What does the increased accessibility and popularity of bedroom music production mean for the music industry?

The Sound is a column on all things music written by Charles Park (’20) and Mark Park (’20). -Ed.

It’s 2019. Computers and phones are more accessible and affordable than ever. A Spotify or Apple Music subscription is at our fingertips. Youtube and Soundcloud are bottomless pits of great music that’s waiting to be heard.

As a result, it’s never been easier to make music.

You may not have noticed, but just in the past few years, a significant chunk of popular music has shifted from being produced in the biggest studios to the smallest bedrooms. An entire generation of underground producers is sending their beats to rappers and singers on Soundcloud, hoping to make it big. Take the example of Ronnyj, a Miami native who was a virtually unknown Soundcloud producer until he sent the beat for “ULTIMATE” to Denzel Curry.

The fruits of this trend extend beyond pop music. How many times has Youtube recommended you a live stream or playlist like this? It’s true: the rising popularity of “lo-fi hip hop” can be attributed to the numerous bedroom producers that make compilations and EPs full of simple, jazz and 90s boom-bap inspired songs that make it onto these playlists.

You might be disappointed to find out, though, that more producers do not necessarily mean more talent. The idea that “anyone can make music” has brought greater diversity and new ideas to the scene, but it’s also created a market for babysitting beginning producers. Here are just some of the reasons why music production has gotten so accessible and popular.

Sample Packs / Melody Packs / Loop Packs / MIDI Packs

My apologies if this breaks the mystery around the music producing process, but most of what music producers come up with, and a lot of what makes it onto the top charts, isn’t even made from scratch. In reality, most of the drum sounds and some of the instrumental melodies you hear are from “sample packs” that can be downloaded or bought from the internet, created by other producers. Sometimes, pulling three to four samples from a sample pack can end up sounding like something that’s ready for Drake or Kanye to rap over. There’s definitely a stigma around using these premade loops and melodies–and rightfully so–but the sample pack industry has become extremely lucrative.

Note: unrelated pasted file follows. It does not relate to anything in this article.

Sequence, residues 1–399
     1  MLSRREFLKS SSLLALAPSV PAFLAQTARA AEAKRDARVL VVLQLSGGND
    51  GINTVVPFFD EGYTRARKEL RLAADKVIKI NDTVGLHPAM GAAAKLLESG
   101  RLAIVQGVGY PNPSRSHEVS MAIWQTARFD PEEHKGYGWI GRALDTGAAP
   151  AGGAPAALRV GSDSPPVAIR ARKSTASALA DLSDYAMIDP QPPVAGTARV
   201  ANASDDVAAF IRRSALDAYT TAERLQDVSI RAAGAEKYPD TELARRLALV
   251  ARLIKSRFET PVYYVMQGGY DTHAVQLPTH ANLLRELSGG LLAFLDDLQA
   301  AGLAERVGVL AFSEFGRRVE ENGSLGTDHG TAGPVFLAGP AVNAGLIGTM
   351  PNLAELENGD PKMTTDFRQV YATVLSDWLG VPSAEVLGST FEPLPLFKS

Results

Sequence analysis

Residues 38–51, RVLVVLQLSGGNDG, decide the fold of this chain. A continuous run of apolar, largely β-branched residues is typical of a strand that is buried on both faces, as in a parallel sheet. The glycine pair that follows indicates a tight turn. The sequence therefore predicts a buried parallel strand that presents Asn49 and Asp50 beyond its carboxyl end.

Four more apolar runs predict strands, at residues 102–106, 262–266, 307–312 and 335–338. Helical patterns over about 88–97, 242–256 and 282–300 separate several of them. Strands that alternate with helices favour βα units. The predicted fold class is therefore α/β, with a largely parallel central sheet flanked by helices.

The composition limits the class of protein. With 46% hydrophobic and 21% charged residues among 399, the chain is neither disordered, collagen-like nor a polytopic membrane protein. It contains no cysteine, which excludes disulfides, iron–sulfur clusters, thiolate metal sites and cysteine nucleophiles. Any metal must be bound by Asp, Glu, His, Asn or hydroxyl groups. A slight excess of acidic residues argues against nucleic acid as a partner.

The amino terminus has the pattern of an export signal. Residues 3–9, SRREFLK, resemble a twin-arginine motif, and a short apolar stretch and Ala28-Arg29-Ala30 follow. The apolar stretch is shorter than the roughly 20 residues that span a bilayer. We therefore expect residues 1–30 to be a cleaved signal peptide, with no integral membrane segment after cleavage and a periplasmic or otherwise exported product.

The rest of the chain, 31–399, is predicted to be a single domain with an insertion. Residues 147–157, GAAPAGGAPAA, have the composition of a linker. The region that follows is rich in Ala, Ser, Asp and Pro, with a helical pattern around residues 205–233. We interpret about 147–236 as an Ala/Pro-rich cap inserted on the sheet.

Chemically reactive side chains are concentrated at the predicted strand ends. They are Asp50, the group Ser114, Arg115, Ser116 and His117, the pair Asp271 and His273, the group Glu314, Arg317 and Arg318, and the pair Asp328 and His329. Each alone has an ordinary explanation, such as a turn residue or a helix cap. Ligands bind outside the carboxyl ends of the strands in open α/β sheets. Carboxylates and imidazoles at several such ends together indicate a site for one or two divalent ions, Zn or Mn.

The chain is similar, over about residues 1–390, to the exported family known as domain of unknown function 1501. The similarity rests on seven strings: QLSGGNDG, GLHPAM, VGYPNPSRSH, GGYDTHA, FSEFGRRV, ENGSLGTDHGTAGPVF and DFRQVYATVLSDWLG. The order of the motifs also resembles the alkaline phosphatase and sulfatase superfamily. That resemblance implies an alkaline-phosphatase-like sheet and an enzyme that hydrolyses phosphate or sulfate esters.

To give you an idea of just how widespread this new business is, take the example of Internet Money. It’s a collective of producers (most notably Nick Mira, the producer of pretty much all Juice WRLD songs) that live together in a giant mansion and make music. A huge portion of their income reportedly comes from the samples they sell on their website. That’s right: samples are lucrative enough to afford a mansion.

Splice

Splice is arguably the best thing that has come from the bedroom producer trend: it’s an app and website that allows you to buy music software and plug-ins on payment plans, share your project files with other users like Dropbox or Google Drive, and browse through a near-endless bank of samples. It’s a great way for beginning producers to dip their toes in the game and see if the temperature right for them. Just from browsing through Splice’s samples, it’s clear where lo-fi hip hop producers get virtually all of their sounds from.

Type Beats

This is the main reason why producing is so appealing to hobbyists: the prospect of making a little pocket money from it. Gone are the days of having to lawyer up to sell a song: today, you can easily “lease” mp3s of your track to vocalists for a flat fee, through middlemen services like Traktrain and Beatstars. Producers post these instrumentals on Youtube with titles like “Drake Type Beat” or “Lil Baby / Gunna Type Beat” as a marketing tactic. Most famously, Desiigner’s song “Panda” was a type beat he bought for $200 from Youtube in 2014. For producers, type beats are a further affirmation that producing can be profitable as much as it is enjoyable.

 

There’s no doubt that as of today, it doesn’t take the same amount of studying music theory, learning the ins and outs of software, and taking classes on audio engineering to make a beat worthy of the Billboard 100. And at this point, it’s clear that no amount of complaining about loop packs or mediocre type beats will reverse the way the music industry has shifted in the last few years. What we can only hope for is that through the bloated market of Frank Ocean type beats on Youtube will come new genres and new sounds, reflective of the unpredictable ebb and flow of the music world.

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